A passion for science and rugby has shaped Duncan Graham's career. He talks to Andrew Scott about his work and aspirations.
A passion for science and rugby has shaped Duncan Graham’s career. He talks to Andrew Scott about his work and aspirations.
Duncan Graham is a professor in the department of pure & applied chemistry at the University of Strathclyde and a co-founder of the university’s centre for molecular nanometrology. He recently received the Nexxus award for young life scientist of the year for his impact on research in the west of Scotland’s life sciences sector, and he manages a busy and productive research team with more than 30 members. But when asked about his greatest hope for the future he breaks into a grin and immediately declares: ’For Scotland to win the Rugby World Cup’.
It is not just a flippant remark, because Graham’s passion for rugby has been an important determinant of the whole course of his life and career, ever since his childhood in Chirnside in the Scottish Borders where the rugby tradition is very strong.
As a Scot, it was natural for Graham to study in Scotland, but the reason for choosing the University of Edinburgh for his chemistry degree was ’because they had better rugby clubs in Edinburgh than they did in Glasgow, St Andrews or anywhere else like that’. He takes the trouble to emphasise that he is not joking, and that rugby was without question the overriding factor in his choice.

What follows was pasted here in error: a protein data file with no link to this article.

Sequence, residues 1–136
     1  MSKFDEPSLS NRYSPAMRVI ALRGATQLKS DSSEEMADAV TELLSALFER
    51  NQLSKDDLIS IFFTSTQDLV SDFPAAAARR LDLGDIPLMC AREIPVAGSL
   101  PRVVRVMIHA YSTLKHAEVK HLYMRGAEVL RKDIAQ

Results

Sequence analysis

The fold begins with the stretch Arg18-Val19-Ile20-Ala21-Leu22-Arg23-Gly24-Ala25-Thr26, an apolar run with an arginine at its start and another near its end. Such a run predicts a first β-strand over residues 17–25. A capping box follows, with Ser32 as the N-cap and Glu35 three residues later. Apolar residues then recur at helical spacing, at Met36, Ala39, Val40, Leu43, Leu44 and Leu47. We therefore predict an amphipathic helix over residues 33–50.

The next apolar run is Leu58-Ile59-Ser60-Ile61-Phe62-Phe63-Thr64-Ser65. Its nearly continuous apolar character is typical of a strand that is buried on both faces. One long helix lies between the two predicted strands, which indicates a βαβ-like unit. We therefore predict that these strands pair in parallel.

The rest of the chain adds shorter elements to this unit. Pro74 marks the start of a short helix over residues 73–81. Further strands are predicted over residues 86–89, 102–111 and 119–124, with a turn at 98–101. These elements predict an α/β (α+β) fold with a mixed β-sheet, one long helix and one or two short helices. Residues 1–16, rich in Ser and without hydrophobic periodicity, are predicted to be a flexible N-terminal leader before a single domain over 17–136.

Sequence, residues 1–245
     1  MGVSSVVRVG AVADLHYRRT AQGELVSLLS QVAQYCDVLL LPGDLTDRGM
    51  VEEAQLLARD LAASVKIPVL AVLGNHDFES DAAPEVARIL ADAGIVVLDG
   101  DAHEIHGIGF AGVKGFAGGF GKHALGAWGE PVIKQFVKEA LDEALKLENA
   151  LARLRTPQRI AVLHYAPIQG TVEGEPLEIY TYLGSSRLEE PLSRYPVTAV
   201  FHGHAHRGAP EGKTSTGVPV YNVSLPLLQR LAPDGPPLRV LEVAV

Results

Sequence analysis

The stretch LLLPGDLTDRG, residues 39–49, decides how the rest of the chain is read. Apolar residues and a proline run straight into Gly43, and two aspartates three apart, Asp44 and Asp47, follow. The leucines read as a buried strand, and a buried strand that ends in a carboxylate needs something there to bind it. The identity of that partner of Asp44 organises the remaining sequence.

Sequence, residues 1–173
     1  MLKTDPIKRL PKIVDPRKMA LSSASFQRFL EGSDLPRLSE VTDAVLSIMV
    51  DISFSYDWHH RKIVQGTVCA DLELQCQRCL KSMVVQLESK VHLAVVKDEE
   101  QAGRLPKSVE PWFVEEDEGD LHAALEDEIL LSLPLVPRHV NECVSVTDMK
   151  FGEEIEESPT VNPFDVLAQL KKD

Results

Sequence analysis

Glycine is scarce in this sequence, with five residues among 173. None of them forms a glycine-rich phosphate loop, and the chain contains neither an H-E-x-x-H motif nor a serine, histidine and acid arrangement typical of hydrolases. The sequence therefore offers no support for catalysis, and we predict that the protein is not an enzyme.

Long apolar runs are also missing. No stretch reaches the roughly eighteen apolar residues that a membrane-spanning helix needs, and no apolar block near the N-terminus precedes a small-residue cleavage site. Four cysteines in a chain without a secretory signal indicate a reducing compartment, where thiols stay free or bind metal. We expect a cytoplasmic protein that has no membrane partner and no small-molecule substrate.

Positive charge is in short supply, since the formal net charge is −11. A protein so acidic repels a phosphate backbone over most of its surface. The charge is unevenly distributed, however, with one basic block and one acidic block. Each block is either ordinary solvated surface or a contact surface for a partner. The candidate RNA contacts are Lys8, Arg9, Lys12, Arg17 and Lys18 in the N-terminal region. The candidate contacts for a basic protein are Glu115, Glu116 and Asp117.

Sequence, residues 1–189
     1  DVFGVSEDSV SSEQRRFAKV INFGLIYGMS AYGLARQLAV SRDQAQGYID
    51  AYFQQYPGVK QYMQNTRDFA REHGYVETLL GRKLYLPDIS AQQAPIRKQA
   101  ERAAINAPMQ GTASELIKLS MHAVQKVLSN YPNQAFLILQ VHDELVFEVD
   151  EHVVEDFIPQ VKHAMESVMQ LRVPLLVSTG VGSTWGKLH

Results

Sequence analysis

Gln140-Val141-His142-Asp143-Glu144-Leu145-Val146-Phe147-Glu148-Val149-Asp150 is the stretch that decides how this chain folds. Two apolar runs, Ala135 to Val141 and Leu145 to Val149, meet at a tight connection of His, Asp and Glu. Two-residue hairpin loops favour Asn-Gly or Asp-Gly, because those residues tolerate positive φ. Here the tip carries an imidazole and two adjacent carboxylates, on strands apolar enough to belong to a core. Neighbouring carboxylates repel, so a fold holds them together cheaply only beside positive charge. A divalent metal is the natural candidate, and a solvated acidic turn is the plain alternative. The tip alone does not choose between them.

The decision led to a rather impressive rugby career, including membership of the Scotland under-19 squad and captaining the Edinburgh Wanderers and Edinburgh Academicals teams. ’I stopped my PhD to spend a season playing in Australia, and at one point in Australia I think I was the only player in our side without a national cap.’ His voice reveals a mixture of pride and perhaps a little regret that he never managed the final step up to the highest level.
The magic of DNA
More significantly, however, the choice of Edinburgh would also lead him to develop a fascination with DNA, nurturing a seed that had been planted by a school teacher some years earlier.
’Our biology teacher, Mrs McDermid, showed us the film The double helix as part of sixth year biology,’ he recalls. ’I remember being quite taken by this and thinking DNA is an absolutely wonderful thing.’ So when the opportunity arose to pick an honours year project, Graham jumped at the chance to do some DNA chemistry with Tom Brown (now a professor at Southampton University) as supervisor.
The honours project led to a PhD with Brown, exploring the medical potential of anti-sense DNA. This established an enduring link with the chemistry of DNA and with research at the interface of chemistry and biology. ’Without doubt Tom Brown has been a major influence on my research interests,’ he acknowledges.
The link with the University of Strathclyde was only meant to be a short one: ’It was supposed to be a three-month postdoc while I was writing up my PhD, but the three months led to a career due to the influence and guidance of Ewen Smith [professor in the department of pure & applied chemistry].’
The career began in earnest with a five-year personal fellowship from the BBSRC. This gave Graham the freedom and resources to embark on life as an independent researcher. He appreciates the fact that he was treated as a member of staff, but without the teaching burden that a new lecturer would have. The downside, however, was the lack of long-term job security.